The U.S.-Mexico connection
Christopher Wilson’s “U.S. Competitiveness: The Mexican Connection,” (Issues, Summer 2012) seeks to open our minds to an alternative way to think about competitiveness. Too much of the debate on competitiveness has swung between those who stress deregulation and those who advocate a form of industrial policy. Wilson suggests that an alternative path should aim at deepening integration between the United States and Mexico. He is right, but his insights would be more powerful if they were stretched to include all of North America and if we looked beyond joint manufacturing to a fundamentally different continental relationship.
Instead of thinking about Mexico as a source of grisly drug-related violence and poor illegal aliens, Wilson reminds us that Mexico is our second-largest market, the second-largest source of energy imports, the destination of about $100 billion in U.S. direct investment, and a growing source of foreign direct investment. Canada, however, is the first market for U.S. goods, and it is also the largest source of U.S. energy imports.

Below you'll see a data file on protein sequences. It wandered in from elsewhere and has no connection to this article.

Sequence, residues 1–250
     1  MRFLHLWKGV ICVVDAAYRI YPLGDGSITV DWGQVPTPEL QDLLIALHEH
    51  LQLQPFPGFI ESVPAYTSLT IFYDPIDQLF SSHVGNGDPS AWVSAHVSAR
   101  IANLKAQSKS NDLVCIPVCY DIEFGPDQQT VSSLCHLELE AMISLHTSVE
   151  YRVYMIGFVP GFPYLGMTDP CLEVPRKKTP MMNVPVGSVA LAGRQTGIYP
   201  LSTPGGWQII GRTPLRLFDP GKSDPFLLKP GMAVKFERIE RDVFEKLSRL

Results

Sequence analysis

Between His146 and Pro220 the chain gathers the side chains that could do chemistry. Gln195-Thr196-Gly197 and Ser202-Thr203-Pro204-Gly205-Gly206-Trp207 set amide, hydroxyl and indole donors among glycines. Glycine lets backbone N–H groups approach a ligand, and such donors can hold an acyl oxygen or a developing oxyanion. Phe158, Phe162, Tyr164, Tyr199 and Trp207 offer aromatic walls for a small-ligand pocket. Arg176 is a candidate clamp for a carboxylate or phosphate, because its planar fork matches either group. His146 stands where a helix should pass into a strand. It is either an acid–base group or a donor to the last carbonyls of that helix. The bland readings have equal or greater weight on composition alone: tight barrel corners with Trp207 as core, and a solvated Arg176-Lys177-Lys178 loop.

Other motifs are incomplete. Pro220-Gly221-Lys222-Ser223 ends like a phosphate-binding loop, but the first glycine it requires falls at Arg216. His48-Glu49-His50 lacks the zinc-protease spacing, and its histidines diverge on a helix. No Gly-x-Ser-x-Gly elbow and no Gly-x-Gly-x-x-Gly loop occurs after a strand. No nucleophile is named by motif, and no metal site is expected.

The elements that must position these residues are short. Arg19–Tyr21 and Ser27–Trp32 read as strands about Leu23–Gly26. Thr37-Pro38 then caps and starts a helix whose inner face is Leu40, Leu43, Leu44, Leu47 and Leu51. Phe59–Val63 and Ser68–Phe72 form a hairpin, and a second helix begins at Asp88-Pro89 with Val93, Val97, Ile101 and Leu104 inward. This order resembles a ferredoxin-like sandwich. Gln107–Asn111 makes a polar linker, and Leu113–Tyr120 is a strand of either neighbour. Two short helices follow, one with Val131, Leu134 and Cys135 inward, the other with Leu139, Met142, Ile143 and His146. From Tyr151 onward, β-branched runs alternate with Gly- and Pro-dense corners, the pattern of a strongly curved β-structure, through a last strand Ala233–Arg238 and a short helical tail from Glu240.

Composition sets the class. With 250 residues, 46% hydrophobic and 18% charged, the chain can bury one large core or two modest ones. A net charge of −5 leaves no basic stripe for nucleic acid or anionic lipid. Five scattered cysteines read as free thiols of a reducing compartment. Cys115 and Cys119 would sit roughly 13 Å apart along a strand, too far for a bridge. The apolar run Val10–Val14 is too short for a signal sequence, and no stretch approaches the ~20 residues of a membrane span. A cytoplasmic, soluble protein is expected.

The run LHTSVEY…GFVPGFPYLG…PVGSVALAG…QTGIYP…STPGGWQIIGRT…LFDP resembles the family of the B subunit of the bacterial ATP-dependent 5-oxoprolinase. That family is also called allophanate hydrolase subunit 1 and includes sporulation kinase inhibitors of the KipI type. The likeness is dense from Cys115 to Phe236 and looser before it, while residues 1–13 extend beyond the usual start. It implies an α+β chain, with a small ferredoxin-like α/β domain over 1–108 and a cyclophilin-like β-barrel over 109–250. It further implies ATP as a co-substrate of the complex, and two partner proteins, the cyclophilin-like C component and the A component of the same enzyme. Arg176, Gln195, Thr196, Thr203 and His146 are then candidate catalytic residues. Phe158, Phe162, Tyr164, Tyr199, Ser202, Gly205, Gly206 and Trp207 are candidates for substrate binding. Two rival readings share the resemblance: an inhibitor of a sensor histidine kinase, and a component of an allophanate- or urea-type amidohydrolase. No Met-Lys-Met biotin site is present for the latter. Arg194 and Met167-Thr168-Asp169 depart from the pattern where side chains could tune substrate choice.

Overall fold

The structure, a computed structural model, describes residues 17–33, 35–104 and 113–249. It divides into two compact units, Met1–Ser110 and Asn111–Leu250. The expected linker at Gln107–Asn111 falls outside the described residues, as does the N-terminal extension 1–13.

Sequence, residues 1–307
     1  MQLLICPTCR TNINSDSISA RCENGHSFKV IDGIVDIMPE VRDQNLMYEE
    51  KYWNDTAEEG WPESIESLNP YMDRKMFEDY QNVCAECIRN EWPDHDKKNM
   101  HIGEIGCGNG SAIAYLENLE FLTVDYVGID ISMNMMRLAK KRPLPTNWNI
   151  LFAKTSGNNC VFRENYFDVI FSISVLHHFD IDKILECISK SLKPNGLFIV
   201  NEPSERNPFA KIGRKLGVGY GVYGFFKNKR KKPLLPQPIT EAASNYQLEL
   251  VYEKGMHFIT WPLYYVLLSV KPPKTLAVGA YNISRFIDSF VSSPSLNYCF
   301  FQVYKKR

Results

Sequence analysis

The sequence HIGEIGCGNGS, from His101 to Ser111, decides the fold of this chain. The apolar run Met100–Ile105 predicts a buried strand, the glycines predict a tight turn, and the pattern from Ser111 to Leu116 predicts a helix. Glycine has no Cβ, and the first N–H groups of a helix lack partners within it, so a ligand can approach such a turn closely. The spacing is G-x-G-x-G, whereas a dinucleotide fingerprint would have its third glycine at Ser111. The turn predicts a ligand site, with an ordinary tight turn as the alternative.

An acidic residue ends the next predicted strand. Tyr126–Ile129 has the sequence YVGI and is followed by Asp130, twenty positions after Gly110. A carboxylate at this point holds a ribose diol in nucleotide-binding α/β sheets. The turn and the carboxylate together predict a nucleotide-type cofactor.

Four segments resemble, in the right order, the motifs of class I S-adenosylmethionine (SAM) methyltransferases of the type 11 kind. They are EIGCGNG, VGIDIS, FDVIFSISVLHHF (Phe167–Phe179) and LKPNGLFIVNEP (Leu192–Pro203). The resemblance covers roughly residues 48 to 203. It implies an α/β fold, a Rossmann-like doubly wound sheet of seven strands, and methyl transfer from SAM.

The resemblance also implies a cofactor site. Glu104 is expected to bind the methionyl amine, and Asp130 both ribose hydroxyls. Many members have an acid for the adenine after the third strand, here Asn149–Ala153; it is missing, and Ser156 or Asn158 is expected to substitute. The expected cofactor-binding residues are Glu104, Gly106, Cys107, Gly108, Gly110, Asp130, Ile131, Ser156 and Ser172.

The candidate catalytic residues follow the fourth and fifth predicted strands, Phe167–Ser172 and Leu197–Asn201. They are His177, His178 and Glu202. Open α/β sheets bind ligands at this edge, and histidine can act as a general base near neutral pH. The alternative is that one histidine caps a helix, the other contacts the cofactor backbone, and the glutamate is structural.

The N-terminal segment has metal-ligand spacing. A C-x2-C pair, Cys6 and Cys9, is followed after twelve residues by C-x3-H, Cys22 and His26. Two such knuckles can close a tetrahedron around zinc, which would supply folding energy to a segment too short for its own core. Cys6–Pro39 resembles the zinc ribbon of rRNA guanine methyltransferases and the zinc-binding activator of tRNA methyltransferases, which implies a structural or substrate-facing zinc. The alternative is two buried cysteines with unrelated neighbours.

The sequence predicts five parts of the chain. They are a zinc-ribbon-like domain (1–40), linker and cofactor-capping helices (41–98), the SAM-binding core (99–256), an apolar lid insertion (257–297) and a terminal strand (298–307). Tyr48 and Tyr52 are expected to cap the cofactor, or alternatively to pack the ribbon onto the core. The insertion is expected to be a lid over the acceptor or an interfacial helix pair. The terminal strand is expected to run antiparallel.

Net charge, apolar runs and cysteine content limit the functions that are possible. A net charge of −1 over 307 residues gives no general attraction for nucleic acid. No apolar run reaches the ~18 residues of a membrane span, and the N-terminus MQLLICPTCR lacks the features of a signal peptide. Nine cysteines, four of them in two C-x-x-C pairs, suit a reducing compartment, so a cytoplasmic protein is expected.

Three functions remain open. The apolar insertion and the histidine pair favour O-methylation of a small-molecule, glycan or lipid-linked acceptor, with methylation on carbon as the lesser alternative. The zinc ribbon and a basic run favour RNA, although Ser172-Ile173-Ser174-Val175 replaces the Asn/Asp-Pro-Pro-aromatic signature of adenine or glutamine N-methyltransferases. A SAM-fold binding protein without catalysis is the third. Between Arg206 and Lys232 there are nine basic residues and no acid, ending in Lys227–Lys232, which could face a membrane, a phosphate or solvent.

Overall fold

Our continent is the largest free-trade area in the world, but its leaders have failed to build on the early success of the North American Free Trade Agreement (NAFTA). Although the North American share of global production increased from 30 to 36% between 1994 and 2001, it has since shrunk back to where it was before 1994.
Wilson proposes that the United States and Mexico expedite plans to make the border more efficient, expand transportation links and infrastructure, dismantle rules-of-origin provisions one product at a time, and confront shared challenges in Asia and elsewhere. These are all good ideas, but they would be much better if Canada were an integral part of the strategy.
The problem is that Canada shows little interest in collaborating with Mexico, and the United States seems to prefer to approach one country and one problem at a time. Because each of the problems involves powerful domestic or bureaucratic interests that prefer the status quo, we have made almost no progress on Wilson’s agenda.